Southwest suburbs that feds visited use insurance broker where Madigan’s son is an exec
Alliant/Mesirow Insurance Services and company executive Andrew Madigan add an intriguing link to people federal authorities appear to be interested in.
Several southwest suburbs that federal agents recently visited as part of a wide-ranging corruption investigation have been using an insurance company that employs Illinois House Speaker Michael Madigan’s son.
Alliant/Mesirow Insurance Services and company executive Andrew Madigan — neither of which has been accused of any crime — add an intriguing link to people federal authorities appear to be interested in.
Among them: Cook County Commissioner Jeff Tobolski, who doubles as the mayor of McCook and whose office was raided Sept. 26. McCook village records show Tobolski invited Andrew Madigan in 2011 “to submit a proposal” to help secure liability coverage.
“Due to the sensitive nature of insurance, I have been very cautious about switching our program in the past,” Tobolski wrote. “However, I trust that you will be direct with the Village regarding our insurance options and potential cost savings and would like you to assist the Village.”
A year later, Tobolski wrote to the underwriting branch of another insurance firm to say the village had hired Alliant/Mesirow — then called Mesirow — as its “exclusive insurance brokers” for property, general liability and auto insurance, records show.
Also in McCook, Alliant/Mesirow was involved in securing insurance for “The Max” — the municipal sports complex that was listed in a search warrant and which federal agents have asked about, according to records and interviews.
Tobolski’s wife Cathleen is her husband’s campaign treasurer and a McCook employee who helps run The Max. She was involved in insurance discussions with Andrew Madigan and his company, village records show.
Sources say Jeff Tobolski, who hasn’t been charged with any crime, is a target of the federal investigation and that authorities have questioned people about whether he solicited money from vendors or contractors at The Max.
Investigators also want to know whether Tobolski benefited personally when Cook County government helped Presidio Capital LLC get millions in taxpayer money to build low-income townhomes in Summit and Cicero, according to a source with knowledge of the investigation.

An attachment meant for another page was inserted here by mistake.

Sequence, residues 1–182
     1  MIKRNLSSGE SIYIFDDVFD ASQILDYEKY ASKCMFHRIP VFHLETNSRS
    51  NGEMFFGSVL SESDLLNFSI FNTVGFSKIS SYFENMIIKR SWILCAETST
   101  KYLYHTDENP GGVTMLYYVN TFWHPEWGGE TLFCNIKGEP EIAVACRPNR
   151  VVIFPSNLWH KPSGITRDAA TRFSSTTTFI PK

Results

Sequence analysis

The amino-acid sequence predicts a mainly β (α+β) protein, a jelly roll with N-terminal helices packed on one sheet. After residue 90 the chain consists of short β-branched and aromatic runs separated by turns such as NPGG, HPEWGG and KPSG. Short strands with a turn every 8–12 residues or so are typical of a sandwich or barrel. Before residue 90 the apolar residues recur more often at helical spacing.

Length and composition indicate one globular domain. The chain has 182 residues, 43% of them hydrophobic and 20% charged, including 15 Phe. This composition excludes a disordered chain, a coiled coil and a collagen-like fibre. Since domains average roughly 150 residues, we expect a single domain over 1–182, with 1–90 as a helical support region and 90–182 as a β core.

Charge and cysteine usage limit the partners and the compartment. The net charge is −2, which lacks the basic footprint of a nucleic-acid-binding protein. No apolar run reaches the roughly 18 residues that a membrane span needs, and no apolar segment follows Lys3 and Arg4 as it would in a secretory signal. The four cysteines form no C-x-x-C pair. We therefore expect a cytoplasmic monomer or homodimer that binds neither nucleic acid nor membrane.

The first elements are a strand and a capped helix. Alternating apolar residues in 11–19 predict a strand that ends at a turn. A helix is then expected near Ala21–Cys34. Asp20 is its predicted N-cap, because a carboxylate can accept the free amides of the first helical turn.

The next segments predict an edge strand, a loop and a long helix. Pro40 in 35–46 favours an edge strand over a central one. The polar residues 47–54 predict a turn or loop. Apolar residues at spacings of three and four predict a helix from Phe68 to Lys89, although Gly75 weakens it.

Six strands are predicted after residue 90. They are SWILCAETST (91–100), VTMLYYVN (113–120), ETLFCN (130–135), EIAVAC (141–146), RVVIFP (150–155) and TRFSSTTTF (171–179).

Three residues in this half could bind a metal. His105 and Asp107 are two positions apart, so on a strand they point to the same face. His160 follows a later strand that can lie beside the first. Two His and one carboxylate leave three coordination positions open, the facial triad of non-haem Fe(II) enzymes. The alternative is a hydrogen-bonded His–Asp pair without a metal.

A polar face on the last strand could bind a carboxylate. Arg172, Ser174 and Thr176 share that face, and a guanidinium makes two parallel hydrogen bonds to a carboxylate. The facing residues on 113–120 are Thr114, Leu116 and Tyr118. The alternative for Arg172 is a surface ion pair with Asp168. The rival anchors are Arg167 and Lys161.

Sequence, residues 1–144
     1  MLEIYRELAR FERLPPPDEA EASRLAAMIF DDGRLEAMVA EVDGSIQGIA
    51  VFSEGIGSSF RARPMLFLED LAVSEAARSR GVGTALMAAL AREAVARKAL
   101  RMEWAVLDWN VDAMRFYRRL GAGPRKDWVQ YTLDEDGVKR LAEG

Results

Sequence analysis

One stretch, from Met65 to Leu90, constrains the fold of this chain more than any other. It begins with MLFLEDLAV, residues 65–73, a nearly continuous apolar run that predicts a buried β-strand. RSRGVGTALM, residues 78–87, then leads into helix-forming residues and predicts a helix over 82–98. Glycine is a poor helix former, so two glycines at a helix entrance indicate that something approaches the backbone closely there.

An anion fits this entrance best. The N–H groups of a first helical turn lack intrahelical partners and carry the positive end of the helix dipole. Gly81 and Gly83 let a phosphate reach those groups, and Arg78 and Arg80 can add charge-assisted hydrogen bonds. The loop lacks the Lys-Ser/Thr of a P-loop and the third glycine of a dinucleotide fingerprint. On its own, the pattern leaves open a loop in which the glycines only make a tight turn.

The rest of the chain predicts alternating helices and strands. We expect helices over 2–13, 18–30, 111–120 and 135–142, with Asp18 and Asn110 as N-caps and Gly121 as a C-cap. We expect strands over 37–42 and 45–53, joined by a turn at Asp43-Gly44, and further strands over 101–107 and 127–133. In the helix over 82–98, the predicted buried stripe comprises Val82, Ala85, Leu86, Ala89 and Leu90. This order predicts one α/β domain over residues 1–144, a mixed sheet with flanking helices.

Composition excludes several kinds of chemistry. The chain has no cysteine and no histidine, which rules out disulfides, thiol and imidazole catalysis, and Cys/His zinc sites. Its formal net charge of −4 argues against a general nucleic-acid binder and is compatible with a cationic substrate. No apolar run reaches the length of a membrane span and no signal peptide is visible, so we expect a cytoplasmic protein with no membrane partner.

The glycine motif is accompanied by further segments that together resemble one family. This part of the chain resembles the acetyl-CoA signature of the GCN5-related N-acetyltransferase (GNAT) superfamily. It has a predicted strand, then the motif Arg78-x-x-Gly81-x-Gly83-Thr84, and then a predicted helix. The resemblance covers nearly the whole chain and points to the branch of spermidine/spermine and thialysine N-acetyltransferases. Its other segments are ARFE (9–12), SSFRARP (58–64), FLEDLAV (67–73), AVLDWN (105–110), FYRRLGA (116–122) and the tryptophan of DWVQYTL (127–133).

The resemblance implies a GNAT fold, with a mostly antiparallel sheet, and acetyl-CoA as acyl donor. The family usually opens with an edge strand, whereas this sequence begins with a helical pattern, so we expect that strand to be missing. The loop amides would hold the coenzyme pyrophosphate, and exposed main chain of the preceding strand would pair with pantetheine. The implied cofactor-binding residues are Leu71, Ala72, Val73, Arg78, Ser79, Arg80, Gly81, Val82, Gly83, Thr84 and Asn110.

Presidio is run by Burr Ridge resident Omar Maani, an investor in Chicago-based SafeSpeed, LLC, a red-light camera contractor that employs Patrick Doherty, Tobolski’s county chief of staff, as a sales representative.
Tobolski, Doherty and Maani couldn’t be reached.
The same day as the McCook raid, Lyons village hall and Getty Insurance Agency, run by Lyons Mayor Chris Getty, also got visits from federal agents.
Lyons uses Alliant/Mesirow as an insurance broker, according to Lyons Village Manager Tom Sheahan.
Sheahan’s nephew Patrick — a son of Michael Sheahan, the former Cook County sheriff and 19th Ward alderman — and cousin Michael Mackey work with Andrew Madigan at Alliant/Mesirow.
Sheahan said neither Andrew Madigan nor Sheahan’s relatives are involved “that I’m aware of” in the brokerage work for Lyons.
Sheahan said he doesn’t “select the insurer” but reviews contracts and coverage.
The village of Schiller Park has used Alliant/Mesirow for, among other things, securing health coverage for employees, according to records from that suburb, which got a federal subpoena regarding a lobbying contract with former Chicago Ald. Mike Zalewski, a longtime political ally of Michael Madigan.
Andrew Madigan was a point of contact with Schiller Park at times, email records show.
Summit also uses Alliant/Mesirow as an insurance broker.
Summit’s village hall also was visited the same day as Lyons and McCook. Summit Mayor Sergio Rodriguez was questioned about SafeSpeed, among other things.
When Mesirow Financial — which sold its insurance arm to Alliant Insurance Services in July 2016 but retains a “small, minority interest” — built itself a skyscraper at 353 N. Clark St. a decade ago, the company hired the speaker’s law firm, Madigan & Getzendanner. It convinced then-Cook County Assessor Joseph Berrios to lower the building’s assessment, which saved the company more than $1.7 million in property taxes, the Sun-Times reported five years ago. Michael Madigan argued that the building wasn’t profitable because of “generous rent abatements” Mesirow gave tenants to move there.
Andrew Madigan started working at Mesirow as an intern in 2008.
Earlier this year, the Sun-Times reported a federal affidavit showed the FBI had secretly recorded a conversation in Michael Madigan’s law office in August 2014, when he was meeting with then-Ald. Danny Solis, an unidentified Chinese businessman and See Wong, a developer who’d been wearing a wire. It picked up their conversation about building a hotel on state-owned land in Chinatown. Michael Madigan was pitching his law firm’s property tax appeal business to the Chinese businessman.
The FBI affidavit led Solis to cooperate with authorities and secretly record thousands of conversations. That led to the corruption indictment earlier this year of Ald. Edward M. Burke (14th).